The possibility remains that some form of IRS budget increase or increased funding will occur in 2022.
Currently, President Joe Biden’s tax plan as contained in the Build Back Better Act is dead in the water. With Senators Manchin and Sinema largely resistant to major increases in government spending and acting as roadblocks in the Senate, any giveaways would need to be accompanied by provisions that reduce the federal deficit.
While it looks like the IRS will not be receiving an additional $80 billion to increase enforcement activity any time soon, we believe that―as we have warned for a few years―audits on high-net-worth and ultra-high-net-worth individuals and other targeted groups, as noted below, will nonetheless rise as the IRS recovers from the pandemic. Even without the additional funding the Build Back Better Act would have provided, the IRS Chief Counsel’s Office earlier this year announced that they are looking to hire 200 experienced attorneys to focus on abusive tax schemes. Further, increased IRS spending is always more politically palatable than increasing taxes on any one group, so to the extent the current Congress can get any legislation through, IRS budget increases may be used to “pay” for any spending packages that win complete Democratic or bipartisan support. The possibility remains that some form of IRS budget increase or increased funding will occur in 2022.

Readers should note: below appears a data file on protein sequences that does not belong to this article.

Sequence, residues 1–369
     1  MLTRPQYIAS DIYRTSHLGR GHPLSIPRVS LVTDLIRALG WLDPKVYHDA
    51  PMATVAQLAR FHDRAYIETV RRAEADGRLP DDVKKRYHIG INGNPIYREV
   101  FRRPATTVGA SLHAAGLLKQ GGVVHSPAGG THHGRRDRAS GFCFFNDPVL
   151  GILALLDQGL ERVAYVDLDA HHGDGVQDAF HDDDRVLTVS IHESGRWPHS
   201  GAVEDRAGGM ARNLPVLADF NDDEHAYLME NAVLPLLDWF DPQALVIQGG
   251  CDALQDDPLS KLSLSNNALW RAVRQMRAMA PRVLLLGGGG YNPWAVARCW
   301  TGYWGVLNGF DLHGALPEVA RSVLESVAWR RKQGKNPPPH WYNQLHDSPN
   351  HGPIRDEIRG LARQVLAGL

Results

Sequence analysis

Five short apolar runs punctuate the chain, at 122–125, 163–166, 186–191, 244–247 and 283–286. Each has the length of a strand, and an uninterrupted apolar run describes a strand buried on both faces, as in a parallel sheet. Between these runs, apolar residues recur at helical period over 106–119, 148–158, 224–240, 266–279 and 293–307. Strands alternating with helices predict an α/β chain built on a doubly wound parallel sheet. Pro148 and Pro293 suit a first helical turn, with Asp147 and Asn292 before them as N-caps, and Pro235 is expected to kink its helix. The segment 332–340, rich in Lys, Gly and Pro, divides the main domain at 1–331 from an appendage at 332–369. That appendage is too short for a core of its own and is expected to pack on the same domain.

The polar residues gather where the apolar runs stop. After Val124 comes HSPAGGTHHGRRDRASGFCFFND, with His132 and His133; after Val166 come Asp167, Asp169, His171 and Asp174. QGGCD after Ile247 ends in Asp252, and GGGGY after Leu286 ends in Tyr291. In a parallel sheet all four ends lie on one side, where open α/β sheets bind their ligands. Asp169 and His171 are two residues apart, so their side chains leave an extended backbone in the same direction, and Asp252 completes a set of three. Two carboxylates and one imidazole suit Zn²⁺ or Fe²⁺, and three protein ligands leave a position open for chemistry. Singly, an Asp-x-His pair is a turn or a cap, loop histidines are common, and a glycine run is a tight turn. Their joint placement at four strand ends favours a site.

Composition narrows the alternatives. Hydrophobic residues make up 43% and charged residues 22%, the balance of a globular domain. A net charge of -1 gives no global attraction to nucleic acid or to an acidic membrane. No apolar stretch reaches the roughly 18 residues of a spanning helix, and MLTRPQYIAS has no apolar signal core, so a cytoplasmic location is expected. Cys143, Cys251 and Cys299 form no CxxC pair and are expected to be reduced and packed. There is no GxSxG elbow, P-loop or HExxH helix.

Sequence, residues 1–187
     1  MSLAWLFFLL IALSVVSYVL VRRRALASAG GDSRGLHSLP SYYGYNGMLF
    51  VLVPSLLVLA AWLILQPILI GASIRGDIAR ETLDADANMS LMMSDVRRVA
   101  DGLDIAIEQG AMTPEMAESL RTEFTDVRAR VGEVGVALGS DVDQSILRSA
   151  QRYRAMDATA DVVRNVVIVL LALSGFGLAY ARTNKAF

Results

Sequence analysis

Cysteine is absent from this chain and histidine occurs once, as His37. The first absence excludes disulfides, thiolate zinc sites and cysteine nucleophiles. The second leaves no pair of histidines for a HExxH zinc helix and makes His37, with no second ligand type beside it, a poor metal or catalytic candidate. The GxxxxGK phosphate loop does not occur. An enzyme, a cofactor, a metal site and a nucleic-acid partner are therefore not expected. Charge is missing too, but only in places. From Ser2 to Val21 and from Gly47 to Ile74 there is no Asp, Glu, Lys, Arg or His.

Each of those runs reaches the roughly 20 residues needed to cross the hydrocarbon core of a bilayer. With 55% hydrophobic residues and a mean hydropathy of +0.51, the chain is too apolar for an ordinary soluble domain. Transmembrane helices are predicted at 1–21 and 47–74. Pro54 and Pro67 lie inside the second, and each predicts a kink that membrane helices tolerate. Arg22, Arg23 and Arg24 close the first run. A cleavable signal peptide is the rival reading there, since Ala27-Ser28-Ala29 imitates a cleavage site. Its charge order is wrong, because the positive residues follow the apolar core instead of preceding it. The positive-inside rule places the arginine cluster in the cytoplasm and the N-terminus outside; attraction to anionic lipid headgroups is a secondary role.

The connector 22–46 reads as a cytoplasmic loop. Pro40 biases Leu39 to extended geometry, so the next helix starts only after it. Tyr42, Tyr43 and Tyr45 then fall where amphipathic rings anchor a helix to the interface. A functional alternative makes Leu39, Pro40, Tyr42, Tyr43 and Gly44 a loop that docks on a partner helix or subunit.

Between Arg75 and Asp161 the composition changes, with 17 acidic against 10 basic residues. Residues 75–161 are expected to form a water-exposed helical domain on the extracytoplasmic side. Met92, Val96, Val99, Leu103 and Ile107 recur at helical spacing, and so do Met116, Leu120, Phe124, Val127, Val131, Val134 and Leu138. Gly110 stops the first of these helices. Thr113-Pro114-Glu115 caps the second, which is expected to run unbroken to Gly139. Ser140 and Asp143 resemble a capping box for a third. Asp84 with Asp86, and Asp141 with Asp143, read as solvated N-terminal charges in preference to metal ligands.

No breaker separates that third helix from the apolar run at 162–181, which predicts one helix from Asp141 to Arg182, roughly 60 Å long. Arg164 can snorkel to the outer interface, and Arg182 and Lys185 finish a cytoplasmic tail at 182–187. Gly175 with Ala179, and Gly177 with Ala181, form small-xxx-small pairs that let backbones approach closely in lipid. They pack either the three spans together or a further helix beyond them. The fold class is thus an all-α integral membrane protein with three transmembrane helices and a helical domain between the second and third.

Who Will Be Targeted?